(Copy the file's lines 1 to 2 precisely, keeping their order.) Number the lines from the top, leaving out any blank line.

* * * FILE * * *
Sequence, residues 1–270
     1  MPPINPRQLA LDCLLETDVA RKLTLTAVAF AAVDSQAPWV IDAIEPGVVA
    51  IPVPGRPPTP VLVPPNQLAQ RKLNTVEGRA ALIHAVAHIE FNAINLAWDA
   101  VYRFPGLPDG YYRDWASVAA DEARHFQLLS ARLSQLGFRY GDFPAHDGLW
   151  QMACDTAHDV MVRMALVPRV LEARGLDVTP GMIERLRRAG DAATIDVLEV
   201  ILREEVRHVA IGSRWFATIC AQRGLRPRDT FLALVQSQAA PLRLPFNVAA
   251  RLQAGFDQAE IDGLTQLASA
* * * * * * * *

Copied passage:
Sequence, residues 1–270
     1  MPPINPRQLA LDCLLETDVA RKLTLTAVAF AAVDSQAPWV IDAIEPGVVA